Andrew Oldzyko Presentation
Internet traffic growth and implications for access technologies
[From a posting by Richard Forno on David Farber’s list]
Download capping is the new DRM
Much like everyone reading this article, I'm a genuine supporter of advancement in hardware and technology services. Suffice to say, I was happy with the progression of Internet connection services over the years.
Recently, however, I would have to say that Internet connection advancement in the U.S. and Canada has been purely an interest of the corporations that provide them and not about serving the consumer-- you--and the advancement of technology in America in general.
In late March, I wrote an article on Tom's Hardware explaining why HDCP (high definition content protection) is the bane of movie watchers everywhere. Not only is HDCP an invasive technology that kills the enjoyment of movies for enthusiasts, it does nothing to stop pirates. We all know this to be true.
Don't think for a moment though, that big media doesn't know this--they absolutely do. Now, they have a new plan. Since big media can't directly go after pirates, they've decided to go after to after the group of people who they think can't do a thing about it: anyone using an Internet connection.
< - >
Download capping is the new DRM.
It ensures several things:
- You will be more hesitant to download movies and music legitimately-- even though you've paid to watch/listen.
- You will watch more cable TV (so you can see all those great ads).
- You will accidentally pay more for less.
- Pirates get a whacking.
Big media and ISPs can't effectively eliminate piracy by going after pirates directly or stop online video and music streaming services. So they have a better plan now: go after everyone.
How Much Time Warner's Broadband Caps Will Screw You - Broadband caps
The money quote comes from Time Warner's SEC filing as highlighted in this article and reveals the anti-competitive issue for consumers and video producers.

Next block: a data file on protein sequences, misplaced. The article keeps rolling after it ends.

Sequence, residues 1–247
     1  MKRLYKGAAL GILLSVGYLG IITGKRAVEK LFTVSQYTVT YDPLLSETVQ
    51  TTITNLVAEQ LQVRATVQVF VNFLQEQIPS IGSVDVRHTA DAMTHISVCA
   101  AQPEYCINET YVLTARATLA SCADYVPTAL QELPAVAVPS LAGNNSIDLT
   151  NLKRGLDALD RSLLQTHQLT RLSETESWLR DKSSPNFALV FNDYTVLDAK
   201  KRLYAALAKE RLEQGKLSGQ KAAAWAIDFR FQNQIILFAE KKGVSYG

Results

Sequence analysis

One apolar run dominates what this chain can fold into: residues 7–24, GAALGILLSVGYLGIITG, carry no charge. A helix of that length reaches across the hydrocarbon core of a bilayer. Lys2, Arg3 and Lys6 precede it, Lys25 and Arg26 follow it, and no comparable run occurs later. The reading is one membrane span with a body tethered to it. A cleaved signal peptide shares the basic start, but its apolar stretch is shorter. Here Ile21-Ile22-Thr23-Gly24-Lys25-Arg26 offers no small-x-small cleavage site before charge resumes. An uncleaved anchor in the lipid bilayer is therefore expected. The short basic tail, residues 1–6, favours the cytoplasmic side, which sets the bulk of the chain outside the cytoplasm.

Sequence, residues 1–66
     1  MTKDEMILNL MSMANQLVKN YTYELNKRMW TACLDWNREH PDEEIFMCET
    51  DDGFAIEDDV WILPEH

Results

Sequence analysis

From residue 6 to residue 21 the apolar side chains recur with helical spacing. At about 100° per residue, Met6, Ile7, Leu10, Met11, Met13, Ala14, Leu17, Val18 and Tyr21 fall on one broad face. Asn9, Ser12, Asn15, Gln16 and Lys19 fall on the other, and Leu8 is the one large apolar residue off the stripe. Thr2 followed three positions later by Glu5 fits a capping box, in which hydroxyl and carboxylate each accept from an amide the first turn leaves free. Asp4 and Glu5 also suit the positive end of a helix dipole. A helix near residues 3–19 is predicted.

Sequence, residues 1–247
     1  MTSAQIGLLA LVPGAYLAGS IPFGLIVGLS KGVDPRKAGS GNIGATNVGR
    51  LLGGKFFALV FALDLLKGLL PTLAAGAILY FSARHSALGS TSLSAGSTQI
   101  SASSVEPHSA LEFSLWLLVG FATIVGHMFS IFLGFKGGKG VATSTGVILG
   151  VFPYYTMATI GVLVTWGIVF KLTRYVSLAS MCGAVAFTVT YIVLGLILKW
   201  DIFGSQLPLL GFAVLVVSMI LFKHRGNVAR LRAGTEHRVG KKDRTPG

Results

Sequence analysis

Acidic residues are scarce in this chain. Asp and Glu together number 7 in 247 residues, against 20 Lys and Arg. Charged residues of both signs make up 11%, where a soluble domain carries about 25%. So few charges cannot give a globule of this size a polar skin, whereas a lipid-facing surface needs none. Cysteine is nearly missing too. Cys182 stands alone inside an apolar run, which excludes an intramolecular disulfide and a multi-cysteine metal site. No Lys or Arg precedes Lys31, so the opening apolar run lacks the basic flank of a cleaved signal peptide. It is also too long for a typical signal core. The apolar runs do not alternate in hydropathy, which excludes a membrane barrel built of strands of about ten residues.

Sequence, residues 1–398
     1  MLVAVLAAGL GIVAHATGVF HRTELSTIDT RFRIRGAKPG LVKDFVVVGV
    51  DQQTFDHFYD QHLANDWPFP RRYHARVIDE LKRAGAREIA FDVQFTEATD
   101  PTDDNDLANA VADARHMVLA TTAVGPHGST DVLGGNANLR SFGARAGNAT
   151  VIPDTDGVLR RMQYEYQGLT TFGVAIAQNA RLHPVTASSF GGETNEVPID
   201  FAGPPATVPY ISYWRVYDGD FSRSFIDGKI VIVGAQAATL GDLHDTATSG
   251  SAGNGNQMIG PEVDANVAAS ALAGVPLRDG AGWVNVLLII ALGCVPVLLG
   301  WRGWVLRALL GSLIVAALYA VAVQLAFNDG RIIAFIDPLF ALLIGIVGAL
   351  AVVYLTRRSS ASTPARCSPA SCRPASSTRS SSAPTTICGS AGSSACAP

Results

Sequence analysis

One position from Time Warner's COO,
Moreover it's clear that Time Warner fully expects its customers to keep climbing that bandwidth ladder over time, ratcheting themselves into sweeter and sweeter profit positions thanks to the tiered strategy plus known usage increases, thanks to a money quote (literally) from Hobbs: "Broadband data is such a great product. I think there will be some customers who don’t use much that will select the lower tier. But over time, they will use more and move up to the higher price plans." This too reveals that metered broadband isn't really about saving the internet or ensuring great customer experience for the more "polite," less bandwidth-hungry users on the network — it's about setting up a tiered scheme in which Time Warner stands to make an incredible amount of bank as general demand for internet usage is increasing.
And now the anti-competitive "money quote" from TW:
Thanks also to TW's SEC filing we know it's additionally about thwarting the increasing competition their cable video business faces from competitors delivering video content over the web: "TWC faces competition from a range of other competitors, including, increasingly, companies that deliver content to consumers over the Internet, often without charging a fee for access to the content. This trend
could negatively impact customer demand for TWC’s video services, especially premium and On-Demand services."
Time Warner's data caps could cost us much more than high monthly fees, if the company has it way.
On Fri, Apr 10, 2009 at 10:08 AM, David Farber
Like the virus in 28 Days Later, Time Warner's internet-strangling broadband caps is spreading all over the country. They've got brand new pricing plans too and they yep, they suck. Let's look.
The old cap scheme was pretty limited, only going up to a max of 40GB. Now they've got a whole Skittles bag of caps. Here's how Time Warner Cable's COO Landel Hobbs breaks it down, all while breaking out the familiar warning that the internet is about to die if you don't limit your porn consumption to two times a day—MAX:
Internet demand is rising at a rate that could outpace capacity within a few years. According to industry analysts, the infrastructure may not be able to accommodate the explosion of online content by 2012. This could result in Internet brownouts.
• 1GB with 768kbps downstream for $15/month with $2/GB overcharges
• 10, 20, 40 and 60GB will go with Roadrunner Lite, Basic, Standard and Turbo packages, respectively, and maintain the same pricing. Overage is $1/GB.
• 100GB will be the new Road Runner...Turbo (I'm not sure why there are two Turbo packages) which is 10Mbps downstream and 1Mbps upstream for $75/month. This is still an order of magnitude more restrictive than AT&T and Comcast, who have caps of 150GB and 250GB, respectively.
• A 50Mbps/5Mbps down/up speed tier is coming for $100/month wh